We Need A Broadband Competition Act, Not A Net Neutrality Act

from the get-out-the-wrecking-ball dept

Andy Kessler has put together a fantastic editorial for the Wall Street Journal explaining why Markey's attempt at legislating Net Neutrality won't do any good. As we pointed out when Markey first announced it, this plan seems to be focused on the symptoms, not the real problem (and, no, just having the FCC step in to slap the wrists of neutrality violators doesn't help either). The real problem, of course, is the lack of real competition in the broadband market. Kessler suggests that we shouldn't be focused on Net Neutrality, but should wipe out the bogus regulations that are currently restricting competition in the broadband market. That means not going through a painful localized franchising process or making it a pain to get the rights of way necessary to install equipment necessary for next generation broadband. It means actually opening up the market to competition, not creating subsidies and regulations that mean only the incumbents can play. Not that politicians are about to do anything like this, but it sure would be nice.

Filed Under: broadband, competition, ed markey, net neutrality, rights of way

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  1. identicon
    Whitehat, 27 Feb 2008 @ 10:17am

    Broadband Competition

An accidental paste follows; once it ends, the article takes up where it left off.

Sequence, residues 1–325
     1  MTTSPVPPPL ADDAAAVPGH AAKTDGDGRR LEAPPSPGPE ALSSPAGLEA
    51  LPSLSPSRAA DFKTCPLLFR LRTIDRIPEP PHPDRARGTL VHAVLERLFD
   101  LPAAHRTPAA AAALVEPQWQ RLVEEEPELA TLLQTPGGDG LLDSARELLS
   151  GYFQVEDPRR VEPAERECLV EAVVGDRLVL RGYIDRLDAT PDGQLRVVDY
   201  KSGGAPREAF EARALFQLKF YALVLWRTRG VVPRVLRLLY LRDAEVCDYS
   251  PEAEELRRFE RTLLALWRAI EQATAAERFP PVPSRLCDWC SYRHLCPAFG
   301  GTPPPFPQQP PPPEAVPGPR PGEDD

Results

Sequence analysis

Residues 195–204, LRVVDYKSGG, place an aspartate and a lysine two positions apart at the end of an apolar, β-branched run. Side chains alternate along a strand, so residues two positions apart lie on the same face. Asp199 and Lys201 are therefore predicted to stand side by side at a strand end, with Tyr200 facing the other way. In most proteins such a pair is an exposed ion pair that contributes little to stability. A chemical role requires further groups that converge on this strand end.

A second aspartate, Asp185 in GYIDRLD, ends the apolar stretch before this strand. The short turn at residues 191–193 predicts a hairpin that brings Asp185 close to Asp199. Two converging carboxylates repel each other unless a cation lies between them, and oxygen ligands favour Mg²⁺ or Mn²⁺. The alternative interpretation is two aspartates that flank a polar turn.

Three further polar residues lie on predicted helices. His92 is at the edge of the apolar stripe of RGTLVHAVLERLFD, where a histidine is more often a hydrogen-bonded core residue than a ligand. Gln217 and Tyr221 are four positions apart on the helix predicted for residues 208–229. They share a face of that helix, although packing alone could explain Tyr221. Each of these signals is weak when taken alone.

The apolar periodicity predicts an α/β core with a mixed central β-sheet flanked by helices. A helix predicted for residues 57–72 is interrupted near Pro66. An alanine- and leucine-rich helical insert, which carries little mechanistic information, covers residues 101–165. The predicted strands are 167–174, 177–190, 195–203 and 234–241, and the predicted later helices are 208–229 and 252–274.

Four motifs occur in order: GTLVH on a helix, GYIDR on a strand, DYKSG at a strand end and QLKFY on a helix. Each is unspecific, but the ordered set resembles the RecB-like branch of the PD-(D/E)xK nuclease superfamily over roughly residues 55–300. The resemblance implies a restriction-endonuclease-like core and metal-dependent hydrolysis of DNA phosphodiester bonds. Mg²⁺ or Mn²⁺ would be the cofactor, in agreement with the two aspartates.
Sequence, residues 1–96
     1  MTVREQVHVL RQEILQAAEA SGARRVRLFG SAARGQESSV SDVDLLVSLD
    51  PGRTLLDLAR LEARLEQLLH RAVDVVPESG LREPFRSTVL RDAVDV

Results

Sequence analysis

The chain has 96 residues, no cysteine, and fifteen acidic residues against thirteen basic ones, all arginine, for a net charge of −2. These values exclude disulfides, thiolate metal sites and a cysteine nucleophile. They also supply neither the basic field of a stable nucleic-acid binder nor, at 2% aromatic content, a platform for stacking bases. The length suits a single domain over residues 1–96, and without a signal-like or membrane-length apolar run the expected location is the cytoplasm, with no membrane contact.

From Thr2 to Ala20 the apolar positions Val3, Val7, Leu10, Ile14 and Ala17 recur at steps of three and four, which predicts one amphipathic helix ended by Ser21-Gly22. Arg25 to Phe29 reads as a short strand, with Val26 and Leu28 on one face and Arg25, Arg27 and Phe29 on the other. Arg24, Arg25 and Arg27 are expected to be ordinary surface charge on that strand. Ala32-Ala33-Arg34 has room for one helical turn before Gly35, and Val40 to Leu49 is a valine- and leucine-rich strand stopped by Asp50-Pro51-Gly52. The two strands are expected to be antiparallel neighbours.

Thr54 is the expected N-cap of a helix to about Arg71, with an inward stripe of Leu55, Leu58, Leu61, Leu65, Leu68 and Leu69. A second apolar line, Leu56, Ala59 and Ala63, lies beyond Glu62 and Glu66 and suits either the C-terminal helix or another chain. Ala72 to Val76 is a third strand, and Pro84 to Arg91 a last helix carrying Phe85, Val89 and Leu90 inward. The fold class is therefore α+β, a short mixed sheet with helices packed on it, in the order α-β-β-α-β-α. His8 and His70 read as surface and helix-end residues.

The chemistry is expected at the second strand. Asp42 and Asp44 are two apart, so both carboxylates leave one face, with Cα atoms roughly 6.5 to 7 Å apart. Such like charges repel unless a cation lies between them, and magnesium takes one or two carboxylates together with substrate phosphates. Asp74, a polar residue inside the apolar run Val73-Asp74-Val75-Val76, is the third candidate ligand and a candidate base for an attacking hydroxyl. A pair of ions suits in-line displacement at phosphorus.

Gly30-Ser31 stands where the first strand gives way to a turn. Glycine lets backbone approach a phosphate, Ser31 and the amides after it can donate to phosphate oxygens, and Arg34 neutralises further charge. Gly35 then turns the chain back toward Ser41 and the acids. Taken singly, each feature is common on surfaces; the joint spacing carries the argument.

What not one of you seems to understand is that THERE ARE NO EXCLUSIVE CABLE FRANCHISES. Wire line providers all have to use the municipal right-of-way. Each local government has the obligation to make sure that anyone who wants to use the ROW is willing to compete on a level playing field and can prove that he/she has the financial resources necessary to protect the municipality and its residents from any damage or harm they may cause. Be able and willing to do so and even you can get a local cable franchise. There will NEVER be multiple direct competitors in a market. It costs too much to build plant and there aren't enough customers per mile in any area to make it financially feasible to have more than two providers in an area. Most areas can't support two wireline cable-type competitors. Many municipalities have granted multiple local cable franchises - and the 2nd company into the market couldn't make it financially. The so-called "pro-competition" (deregulation) legislation passed in some states has only strengthened the hold of the incumbent provider. In North Carolina more than 100 state franchises have been issued during the past year... ALL to the incumbent local franchise holder. NO competitors have come into the market. Most of you remind me of the fable about the blind men and the elephant. If you're not familiar with the story - look it up.

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